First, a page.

John Coakley [a]
In presenting what was billed as a major government initiative in Dublin Castle on 22 October 2020, Taoiseach Micheál Martin appeared to signal a fundamental policy shift on Northern Ireland on the part of the coalition government and of his own Fianna Fáil party. Rejecting Sinn Féin demands for a “border poll” to determine Northern Ireland’s future constitutional status, he indicated that this was off the agenda for at least the next five years. He opted instead for a “shared island” formula: promoting North-South cooperation rather than debating Irish unity.
This side-lining of decision making by referendum raises important questions about the meaning of the Good Friday agreement of 1998, but also about the interplay between public policy and public opinion. A central plank in the 1998 agreement was its elaboration of a pathway to Irish unity that left the ultimate decision to the people of Northern Ireland and the Republic. But what do we know about their opinions, about the likelihood that they would indeed support Irish unity, and about the manner in which these attitudes might have changed over time? Recent data from the biennial European Social Survey (ESS; fieldwork mainly early 2019) and from the annual Northern Ireland Life and Times survey (NILT; fieldwork mainly late 2019) shed valuable light on this question. [b]
For 2019, the headline findings on the “unity” question were that 54% in the Republic supported Irish unity as a long-term goal, as did 25% in Northern Ireland (unless otherwise specified, “don’t knows” and those refusing to answer are excluded in this note). For what the statistic is worth, weighting the data by the population of the two jurisdictions indicates that in 2019 only 46% of adults on the island of Ireland supported unity.
While these figures suggest that Irish unity is unlikely to be endorsed by referendum in the two jurisdictions in the near future, they raise important questions about the stability of public opinion in this area, about the character of support for and opposition to Irish unity, and about the extent to which the people’s views are likely to matter in any case.
Although it is difficult to track attitudes to Irish unity in the Republic over the years due to the shifting salience of the issue and wide variation in question wording, some comparison of the position over time is possible. Figure 1 reports responses to the question on long-term attitudes towards unity, comparing the contemporary position (2019) with that in the first ESS survey in 2003, and including corresponding data for Northern Ireland at the same two points in time.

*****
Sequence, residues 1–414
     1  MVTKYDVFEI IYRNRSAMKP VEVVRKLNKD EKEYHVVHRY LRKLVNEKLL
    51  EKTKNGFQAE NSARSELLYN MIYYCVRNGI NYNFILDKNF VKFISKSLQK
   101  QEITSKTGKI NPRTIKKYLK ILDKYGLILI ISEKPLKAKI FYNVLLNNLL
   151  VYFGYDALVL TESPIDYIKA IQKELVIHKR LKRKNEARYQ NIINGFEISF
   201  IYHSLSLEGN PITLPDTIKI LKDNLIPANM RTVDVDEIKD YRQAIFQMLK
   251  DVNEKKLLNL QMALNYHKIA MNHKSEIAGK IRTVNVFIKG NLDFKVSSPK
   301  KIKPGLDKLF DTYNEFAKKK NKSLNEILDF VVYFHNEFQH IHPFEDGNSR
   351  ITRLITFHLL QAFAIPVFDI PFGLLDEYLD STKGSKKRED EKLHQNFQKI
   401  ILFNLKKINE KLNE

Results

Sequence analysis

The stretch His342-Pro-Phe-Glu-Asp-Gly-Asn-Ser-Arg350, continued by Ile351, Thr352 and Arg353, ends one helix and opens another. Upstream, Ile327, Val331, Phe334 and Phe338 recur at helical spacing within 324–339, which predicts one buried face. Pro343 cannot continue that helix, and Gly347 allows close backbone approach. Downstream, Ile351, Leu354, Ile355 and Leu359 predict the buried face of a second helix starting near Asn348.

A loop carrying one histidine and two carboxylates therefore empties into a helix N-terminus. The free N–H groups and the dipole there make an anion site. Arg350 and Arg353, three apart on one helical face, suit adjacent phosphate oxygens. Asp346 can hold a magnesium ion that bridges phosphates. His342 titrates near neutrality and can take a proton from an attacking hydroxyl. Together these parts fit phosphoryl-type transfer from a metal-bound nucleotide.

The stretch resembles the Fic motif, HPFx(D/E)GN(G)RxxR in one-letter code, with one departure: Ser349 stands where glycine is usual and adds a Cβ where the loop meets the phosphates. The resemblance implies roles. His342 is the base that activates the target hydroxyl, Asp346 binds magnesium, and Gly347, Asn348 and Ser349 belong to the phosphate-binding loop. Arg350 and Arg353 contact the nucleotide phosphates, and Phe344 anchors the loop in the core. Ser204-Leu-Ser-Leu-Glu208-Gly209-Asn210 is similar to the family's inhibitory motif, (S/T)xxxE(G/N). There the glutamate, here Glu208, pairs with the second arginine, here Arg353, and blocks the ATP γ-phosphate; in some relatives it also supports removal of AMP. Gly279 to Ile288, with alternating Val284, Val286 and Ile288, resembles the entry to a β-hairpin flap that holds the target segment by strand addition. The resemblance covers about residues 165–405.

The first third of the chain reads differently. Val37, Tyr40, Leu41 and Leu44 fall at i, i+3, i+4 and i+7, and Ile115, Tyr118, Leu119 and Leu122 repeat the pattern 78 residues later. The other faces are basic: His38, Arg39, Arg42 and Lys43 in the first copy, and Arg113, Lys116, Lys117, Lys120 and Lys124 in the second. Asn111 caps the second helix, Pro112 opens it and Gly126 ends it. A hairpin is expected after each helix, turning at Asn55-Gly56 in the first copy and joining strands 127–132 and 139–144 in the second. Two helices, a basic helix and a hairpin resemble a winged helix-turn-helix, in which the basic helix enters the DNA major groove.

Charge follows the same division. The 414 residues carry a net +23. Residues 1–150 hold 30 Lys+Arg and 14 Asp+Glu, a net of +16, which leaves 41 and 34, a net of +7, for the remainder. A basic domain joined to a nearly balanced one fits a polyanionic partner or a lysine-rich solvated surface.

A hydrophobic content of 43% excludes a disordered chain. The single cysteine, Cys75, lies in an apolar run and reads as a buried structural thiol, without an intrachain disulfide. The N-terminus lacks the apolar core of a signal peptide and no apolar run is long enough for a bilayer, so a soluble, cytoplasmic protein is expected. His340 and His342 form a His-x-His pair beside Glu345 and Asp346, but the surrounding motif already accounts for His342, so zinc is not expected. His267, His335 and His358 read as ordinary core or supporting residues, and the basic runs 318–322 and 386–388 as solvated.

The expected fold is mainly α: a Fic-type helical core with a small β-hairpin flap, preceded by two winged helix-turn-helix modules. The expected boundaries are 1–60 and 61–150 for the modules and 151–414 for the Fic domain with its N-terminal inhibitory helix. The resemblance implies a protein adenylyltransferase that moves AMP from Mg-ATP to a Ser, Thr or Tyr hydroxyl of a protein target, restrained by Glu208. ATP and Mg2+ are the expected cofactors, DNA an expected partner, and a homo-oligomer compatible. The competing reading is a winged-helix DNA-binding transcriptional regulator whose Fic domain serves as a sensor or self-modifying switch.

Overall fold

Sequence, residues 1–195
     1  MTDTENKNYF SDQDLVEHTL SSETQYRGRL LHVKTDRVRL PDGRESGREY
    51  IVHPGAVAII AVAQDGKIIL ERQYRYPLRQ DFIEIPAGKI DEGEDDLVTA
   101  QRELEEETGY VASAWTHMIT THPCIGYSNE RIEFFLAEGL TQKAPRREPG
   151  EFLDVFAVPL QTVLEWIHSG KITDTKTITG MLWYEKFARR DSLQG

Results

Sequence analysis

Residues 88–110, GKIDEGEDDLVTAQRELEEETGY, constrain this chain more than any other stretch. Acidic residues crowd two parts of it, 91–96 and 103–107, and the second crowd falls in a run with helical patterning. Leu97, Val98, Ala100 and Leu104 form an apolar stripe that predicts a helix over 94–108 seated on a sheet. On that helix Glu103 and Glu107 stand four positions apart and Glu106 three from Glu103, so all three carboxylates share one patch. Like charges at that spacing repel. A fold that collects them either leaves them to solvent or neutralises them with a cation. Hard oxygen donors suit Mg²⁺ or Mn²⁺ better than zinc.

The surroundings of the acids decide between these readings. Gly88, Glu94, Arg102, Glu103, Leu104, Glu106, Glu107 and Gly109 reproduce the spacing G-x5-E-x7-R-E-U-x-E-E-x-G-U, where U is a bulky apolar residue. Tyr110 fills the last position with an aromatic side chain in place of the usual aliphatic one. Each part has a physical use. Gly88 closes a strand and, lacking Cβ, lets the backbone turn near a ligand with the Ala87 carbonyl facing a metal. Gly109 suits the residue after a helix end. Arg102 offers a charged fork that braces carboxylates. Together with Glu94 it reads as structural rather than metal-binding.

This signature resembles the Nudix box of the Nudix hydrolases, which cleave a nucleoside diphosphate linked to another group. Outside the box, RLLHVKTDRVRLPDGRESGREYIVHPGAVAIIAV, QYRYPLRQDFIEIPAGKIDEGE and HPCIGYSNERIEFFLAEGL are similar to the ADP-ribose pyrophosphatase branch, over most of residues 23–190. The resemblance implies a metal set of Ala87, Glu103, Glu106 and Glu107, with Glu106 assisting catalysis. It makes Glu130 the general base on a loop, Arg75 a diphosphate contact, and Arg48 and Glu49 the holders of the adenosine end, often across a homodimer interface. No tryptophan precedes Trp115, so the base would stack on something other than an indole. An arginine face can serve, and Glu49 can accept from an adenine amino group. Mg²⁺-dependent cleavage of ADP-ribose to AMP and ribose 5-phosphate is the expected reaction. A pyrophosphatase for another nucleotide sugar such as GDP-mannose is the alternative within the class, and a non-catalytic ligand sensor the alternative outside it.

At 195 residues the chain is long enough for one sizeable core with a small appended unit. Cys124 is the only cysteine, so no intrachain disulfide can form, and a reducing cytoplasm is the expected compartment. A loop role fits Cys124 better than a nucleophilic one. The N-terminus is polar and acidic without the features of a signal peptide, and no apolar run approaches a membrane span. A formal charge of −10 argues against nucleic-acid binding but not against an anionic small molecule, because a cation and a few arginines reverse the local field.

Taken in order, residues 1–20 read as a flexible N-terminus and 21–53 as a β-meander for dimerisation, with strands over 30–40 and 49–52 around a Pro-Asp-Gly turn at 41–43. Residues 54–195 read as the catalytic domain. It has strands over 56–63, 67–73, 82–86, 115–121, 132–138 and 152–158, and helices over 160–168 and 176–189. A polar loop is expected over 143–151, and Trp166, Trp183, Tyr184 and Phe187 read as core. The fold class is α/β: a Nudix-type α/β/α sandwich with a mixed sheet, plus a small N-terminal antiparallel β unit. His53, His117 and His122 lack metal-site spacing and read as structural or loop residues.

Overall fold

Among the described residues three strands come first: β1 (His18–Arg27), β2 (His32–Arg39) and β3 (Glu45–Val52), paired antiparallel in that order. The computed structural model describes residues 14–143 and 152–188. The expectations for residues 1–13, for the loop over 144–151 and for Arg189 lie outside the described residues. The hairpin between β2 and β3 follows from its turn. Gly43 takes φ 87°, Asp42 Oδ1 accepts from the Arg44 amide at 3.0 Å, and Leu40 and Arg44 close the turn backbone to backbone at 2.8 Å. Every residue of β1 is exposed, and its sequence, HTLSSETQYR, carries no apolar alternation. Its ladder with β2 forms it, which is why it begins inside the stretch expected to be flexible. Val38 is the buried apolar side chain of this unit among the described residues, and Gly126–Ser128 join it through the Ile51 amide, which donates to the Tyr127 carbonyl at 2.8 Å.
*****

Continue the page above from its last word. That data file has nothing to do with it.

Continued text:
An immediate conclusion to be drawn from figure 1 is that support for unity in the Republic appears to have dropped significantly, from 70% in 2003—a level close to which it was placed at the time in other surveys—to bare majority support. Opinion in Northern Ireland remained stable, with big majorities in favour of the Union.
The bottom part of figure 1 breaks down the Northern Ireland data by religious community background and helps to explain the pattern of support for constitutional options there: it is made up of two sharply contrasting components, a Protestant community profoundly committed to the Union and a Catholic community more attracted to Irish unity.
There is a striking absence of symmetry between the two communities: Protestant support for the Union is much more robust than Catholic support for Irish unity. This arises in part for technical reasons. In the more recent data, the “Union-unity” dichotomy has been altered significantly: the “Union” side has been further divided between those preferring this to be combined with direct rule from London and those preferring it to be combined with devolved government in Northern Ireland, allowing a broader sweep of Union supporters and tending to reduce levels of support for Irish unity. In fact, the relatively strong level support for Irish unity among Catholics in Northern Ireland (58% in 2003, 54% in 2019) does not represent the position in the early years of the twenty-first century: reported Catholic support for unity in NILT surveys dropped sharply in 2007 following the switch from two to three response options, and remained low (30-40%) from then until the “Brexit bounce” in 2019.
The relationship between attitudes towards unity and selected social characteristics is reported in figure 2, where the bars represent the proportions supporting unity. As the top part of the figure shows, there are some aspects of social behaviour that might be expected to have an impact on traditional nationalist attitudes that appear to have no bearing on preferences regarding Irish unity. Religious commitment, as measured by frequency of church attendance, is an example: regular churchgoers are not significantly more likely to support Irish unity than the religiously indifferent. Differences between men and women in this respect are similarly insignificant.